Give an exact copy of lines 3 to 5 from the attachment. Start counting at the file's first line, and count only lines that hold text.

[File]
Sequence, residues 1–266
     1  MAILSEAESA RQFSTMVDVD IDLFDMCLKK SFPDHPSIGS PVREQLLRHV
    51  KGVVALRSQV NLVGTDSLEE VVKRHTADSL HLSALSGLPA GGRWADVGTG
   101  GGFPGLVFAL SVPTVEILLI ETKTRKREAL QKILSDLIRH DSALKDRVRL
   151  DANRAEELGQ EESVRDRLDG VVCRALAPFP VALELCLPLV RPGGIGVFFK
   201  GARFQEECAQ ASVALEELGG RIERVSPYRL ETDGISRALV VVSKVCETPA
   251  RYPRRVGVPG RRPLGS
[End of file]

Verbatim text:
    51  KGVVALRSQV NLVGTDSLEE VVKRHTADSL HLSALSGLPA GGRWADVGTG
   101  GGFPGLVFAL SVPTVEILLI ETKTRKREAL QKILSDLIRH DSALKDRVRL
   151  DANRAEELGQ EESVRDRLDG VVCRALAPFP VALELCLPLV RPGGIGVFFK